A: You will need to order all of the components listed in the BOM, as well as a soldering station (preferably with adjustable temperature). You can pick up a Weller soldering station at Home Depot for around $40 to get started. You will also need some lead-free solder, wire, wire snippers, needle nose pliers, and a 9v battery. Additionally, you may want an anti-static bracelet to use while handling the chips, and a solder sucker for any mistakes that happen while soldering. After you have finished building it, you will need two 3.5mm to 1/4" cables to connect the Gemini outputs to your mixer or audio interface. You do not need any banana patch cables to use the Gemini, but it makes it more fun! I'd recommend either making or buying three 6" banana patch cables to patch it with.


Q: Is the Alea thru-hole or are there surface mount components as well?

A: The Alea uses only surface mount components.


Q: I don’t know how to solder. Is there any hope for me?

A: Yes! Watch a couple of Youtube videos and buy yourself a soldering station and some solder. Practice soldering some with wire or old spare components, and then once you’re comfortable, you should be able to take on the Gemini.


Q: Where and how should I source the parts?

A: All necessary parts should be available via digikey.com. You can copy and paste the part numbers from the BOM (listed below) into the search and it should pull up the correct part, then you just have to enter the quanitity (specified by the BOM) and enter it into your cart!


Q: How to I know which way to insert the components into the PCB?

A: The components should all be inserted into the top side of the PCB - the side with the text and footprint of the component on it. Some components such as the electrolytic capacitor will have a ground symbol on one side of the footprint. You will want to insert the short leg of the component into the side with the ground symbol. There is usually a ground symbol on the correlating side of the capacitor itself to assure you that you’ve inserted it correctly.

The LED will need to be placed on the board following these same rules - with the short leg next to the ground symbol on the board. All of the other components are non-polar and do not need to be placed on the board with polarity in mind.


Q: How do I need to position the ICs on the PCB?

A: You will notice there is a notch in one side of the ICs on both the PCB footprint as well as the sockets and the ICs themselves. Make sure the notch in the socket matches up with the notch in the footprint, and make sure you insert the ICs into their sockets with the notch matching the notch in the socket, and they will be positioned correctly.


Q: Do I need to worry about the ICs being damaged via static shock from my touch?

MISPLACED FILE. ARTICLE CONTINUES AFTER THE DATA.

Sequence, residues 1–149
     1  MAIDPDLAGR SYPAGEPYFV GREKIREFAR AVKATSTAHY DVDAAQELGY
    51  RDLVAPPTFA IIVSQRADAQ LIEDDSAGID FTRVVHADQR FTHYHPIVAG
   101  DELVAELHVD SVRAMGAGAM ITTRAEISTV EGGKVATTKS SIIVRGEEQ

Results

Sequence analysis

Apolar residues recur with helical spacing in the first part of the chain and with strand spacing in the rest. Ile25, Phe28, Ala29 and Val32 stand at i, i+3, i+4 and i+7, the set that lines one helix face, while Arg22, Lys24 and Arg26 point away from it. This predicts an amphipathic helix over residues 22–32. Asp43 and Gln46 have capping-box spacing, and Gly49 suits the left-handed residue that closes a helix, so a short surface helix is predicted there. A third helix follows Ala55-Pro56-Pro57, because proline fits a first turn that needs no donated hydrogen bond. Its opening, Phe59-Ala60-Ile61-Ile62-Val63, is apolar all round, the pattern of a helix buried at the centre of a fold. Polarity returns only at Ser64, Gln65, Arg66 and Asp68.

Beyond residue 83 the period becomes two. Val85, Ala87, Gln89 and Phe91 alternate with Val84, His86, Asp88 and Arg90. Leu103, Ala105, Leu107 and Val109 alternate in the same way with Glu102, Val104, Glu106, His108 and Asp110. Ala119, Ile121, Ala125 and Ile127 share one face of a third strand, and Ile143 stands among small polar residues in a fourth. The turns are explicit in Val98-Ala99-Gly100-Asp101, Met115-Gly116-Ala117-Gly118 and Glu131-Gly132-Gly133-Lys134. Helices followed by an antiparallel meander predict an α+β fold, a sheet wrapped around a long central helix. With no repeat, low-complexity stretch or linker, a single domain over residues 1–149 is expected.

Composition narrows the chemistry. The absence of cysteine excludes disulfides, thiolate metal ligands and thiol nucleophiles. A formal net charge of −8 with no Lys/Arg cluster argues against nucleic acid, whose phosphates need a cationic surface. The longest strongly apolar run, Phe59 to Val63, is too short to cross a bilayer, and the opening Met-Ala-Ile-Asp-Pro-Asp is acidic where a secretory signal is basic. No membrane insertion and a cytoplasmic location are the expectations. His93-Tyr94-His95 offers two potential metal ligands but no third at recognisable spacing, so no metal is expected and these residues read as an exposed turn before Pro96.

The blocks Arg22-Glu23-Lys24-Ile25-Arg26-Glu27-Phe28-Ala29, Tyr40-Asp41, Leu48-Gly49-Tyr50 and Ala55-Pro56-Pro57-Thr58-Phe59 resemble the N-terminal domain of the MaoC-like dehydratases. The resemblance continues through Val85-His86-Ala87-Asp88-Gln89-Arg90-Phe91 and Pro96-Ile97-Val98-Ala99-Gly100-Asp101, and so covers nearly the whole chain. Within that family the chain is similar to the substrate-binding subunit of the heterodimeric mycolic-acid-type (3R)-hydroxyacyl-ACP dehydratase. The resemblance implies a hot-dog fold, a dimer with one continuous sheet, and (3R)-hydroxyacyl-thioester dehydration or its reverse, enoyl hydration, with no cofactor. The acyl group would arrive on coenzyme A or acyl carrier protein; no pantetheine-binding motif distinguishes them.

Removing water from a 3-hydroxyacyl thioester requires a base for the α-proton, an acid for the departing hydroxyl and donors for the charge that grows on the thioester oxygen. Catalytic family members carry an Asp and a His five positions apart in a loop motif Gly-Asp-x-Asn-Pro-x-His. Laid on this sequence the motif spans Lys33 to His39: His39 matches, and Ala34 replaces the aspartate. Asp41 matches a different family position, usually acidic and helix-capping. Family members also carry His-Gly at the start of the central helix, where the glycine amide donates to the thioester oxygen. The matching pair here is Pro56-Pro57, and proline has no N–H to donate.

A: Yes, an anti-static wristband and other anti-static precautions should be own while handling the chips to avoid damaging them.


Q: How do I connect the banana jacks?

A: You can connect them via wire going from the jack to the large circular holes/solder pads which each jack goes through, or you can bend the ends of the jacks down (once all of the jacks as well as PCB are all mounted in an enclosure) and solder the ends of the jacks directly to the circular holes/solder pads. I personally bend the ends of the jacks down and solder directly to the pads, but connecting all of the jacks to the pads via a short bit of wire can be a safer and easier route to go when it comes to disconnecting and reconnecting the jacks from the pcb for troubleshooting on the front side of the PCB (incase that happens to be necessary). The one exception to that is the pad next to "SQR OUT" that will need to be connected via wire to the banana jack on the top left for the square LFO output where the cutout in the board is (since that jack couldn't fit fully on the PCB).


Q: I finished building my Gemini, but something is wrong. How should I troubleshoot it?

A: If it doesn’t appear to be working at all, or something is significantly non-functional, then I recommend checking the polarity of the battery snap leads, then checking the orientation and individual legs and solder points of the ICs and IC sockets. Your ICs may have been damaged by static shock, and if so, then they will need to be removed and new ICs should be inserted using an anti-static wristband. If something minor, or one aspect of the synth seems not to be working, then I suggest checking over each solder joint and orientation of the components (making sure negative leads are inserter correctly, etc). Sometimes, after a long day of soldering, it’s best to just take a break and sleep on it, and it’ll be easier to evaluate everything and continue troubleshooting the next day. Please feel free to send me an email if you are having any problems and I will do my best to help out!


Gemini Diagram:

Please note that Ouroboros Electronics does not accept returns on DIY materials and do not accept responsibility for non-functioning builds.